I had a bizarre experience on the school trip today. We visited the village of Port Eynon. The weather wasn’t fit to start the day on the beach, so we spent the morning doing a geography project, walking round the village looking for various things. Nothing complicated, you understand. We are talking about 7 year olds here. The class was divided into teams of 4 children, each with a responsible adult in charge All except for 1 group. I looked after that one.
My team were about the last to arrive at the village church, but the groups we met coming away from there were full of excitement: “There’s a broken grave! You can see a skull!!” To say I was sceptical is a modest understatement, but my four girls were having none of it. Their friends had seen it. It must be true. They said so.
Sure enough, in the churchyard we found the right spot, having had it pointed out to us by about 400 ghoulishly excited 7 year old guides. “I’ve seen it! It’s over there!!” It was a 19th century grave covered by an inscribed stone slab slightly raised above the ground and, yes, the stone slab was broken in two places exposing the ground beneath. We peered in through the gap. Triumphantly, my 4 team-members declared they had seen it too. They saw the skull.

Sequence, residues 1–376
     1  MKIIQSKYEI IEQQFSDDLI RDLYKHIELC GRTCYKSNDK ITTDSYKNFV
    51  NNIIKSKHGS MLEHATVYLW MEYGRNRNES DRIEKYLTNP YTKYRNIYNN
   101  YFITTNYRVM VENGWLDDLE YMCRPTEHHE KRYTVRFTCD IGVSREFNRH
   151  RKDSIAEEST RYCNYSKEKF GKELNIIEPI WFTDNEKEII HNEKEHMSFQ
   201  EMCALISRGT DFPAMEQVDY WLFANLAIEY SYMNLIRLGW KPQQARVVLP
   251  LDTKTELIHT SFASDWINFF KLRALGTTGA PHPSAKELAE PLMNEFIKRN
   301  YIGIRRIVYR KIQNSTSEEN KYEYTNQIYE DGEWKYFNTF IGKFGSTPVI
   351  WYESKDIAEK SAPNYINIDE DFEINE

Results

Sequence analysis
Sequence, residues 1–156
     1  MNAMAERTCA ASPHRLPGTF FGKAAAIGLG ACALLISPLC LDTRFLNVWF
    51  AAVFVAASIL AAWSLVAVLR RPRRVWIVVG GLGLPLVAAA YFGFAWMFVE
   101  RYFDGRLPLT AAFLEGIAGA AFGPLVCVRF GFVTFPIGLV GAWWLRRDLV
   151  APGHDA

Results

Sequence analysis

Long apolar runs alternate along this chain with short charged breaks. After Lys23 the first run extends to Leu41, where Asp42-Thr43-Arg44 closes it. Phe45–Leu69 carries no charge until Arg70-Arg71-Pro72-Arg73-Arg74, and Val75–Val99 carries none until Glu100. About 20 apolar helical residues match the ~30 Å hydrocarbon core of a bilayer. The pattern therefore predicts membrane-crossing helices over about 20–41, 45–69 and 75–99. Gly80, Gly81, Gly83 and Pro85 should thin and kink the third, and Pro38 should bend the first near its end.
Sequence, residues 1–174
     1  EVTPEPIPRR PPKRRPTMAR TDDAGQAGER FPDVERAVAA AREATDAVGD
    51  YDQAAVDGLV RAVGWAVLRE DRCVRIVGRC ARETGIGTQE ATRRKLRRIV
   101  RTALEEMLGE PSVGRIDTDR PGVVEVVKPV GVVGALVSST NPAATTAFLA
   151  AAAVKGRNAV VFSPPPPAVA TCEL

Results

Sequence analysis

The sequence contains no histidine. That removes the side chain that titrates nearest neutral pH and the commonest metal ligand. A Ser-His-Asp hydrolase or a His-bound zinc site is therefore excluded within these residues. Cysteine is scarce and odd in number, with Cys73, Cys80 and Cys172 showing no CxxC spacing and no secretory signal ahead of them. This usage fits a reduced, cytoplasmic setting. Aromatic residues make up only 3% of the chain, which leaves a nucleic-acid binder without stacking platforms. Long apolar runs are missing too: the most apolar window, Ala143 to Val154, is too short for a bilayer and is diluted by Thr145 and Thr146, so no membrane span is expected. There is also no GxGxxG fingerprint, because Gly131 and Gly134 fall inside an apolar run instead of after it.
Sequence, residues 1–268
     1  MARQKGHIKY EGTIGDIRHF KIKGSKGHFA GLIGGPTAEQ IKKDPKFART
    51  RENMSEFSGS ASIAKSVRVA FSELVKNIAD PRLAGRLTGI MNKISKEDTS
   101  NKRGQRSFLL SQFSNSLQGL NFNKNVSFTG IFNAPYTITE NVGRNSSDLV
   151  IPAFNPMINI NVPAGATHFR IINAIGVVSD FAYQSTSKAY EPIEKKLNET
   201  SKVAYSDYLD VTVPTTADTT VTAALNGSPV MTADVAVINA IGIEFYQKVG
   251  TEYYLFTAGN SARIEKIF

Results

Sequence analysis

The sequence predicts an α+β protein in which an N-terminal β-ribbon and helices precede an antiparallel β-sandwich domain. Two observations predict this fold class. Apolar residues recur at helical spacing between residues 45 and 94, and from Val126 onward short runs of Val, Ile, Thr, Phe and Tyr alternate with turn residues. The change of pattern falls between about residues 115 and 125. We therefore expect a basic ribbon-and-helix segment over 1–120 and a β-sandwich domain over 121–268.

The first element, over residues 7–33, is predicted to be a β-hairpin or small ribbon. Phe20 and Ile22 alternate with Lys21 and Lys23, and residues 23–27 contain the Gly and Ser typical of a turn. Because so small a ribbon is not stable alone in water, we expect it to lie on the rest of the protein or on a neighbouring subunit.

Try as I might, I couldn’t see anything remotely resembling human remains. Time, I thought, to put them right. We talked about how deep graves are dug, how much earth is put on a coffin. How, I asked, was a skull going to appear from the depths? Then I held forth at some length on the subject of looking with our own eyes and seeing for ourselves, not merely taking others word for it. Just because someone else says a thing is so, I expatiated, doesn’t make it so. Look with open eyes and open minds. A powerful lesson, I thought. Now it was me feeling triumphant.
But guess what?
It made no difference. They all went home full of it. They had seen a skull. It was there.
It isn’t just children who do that, is it?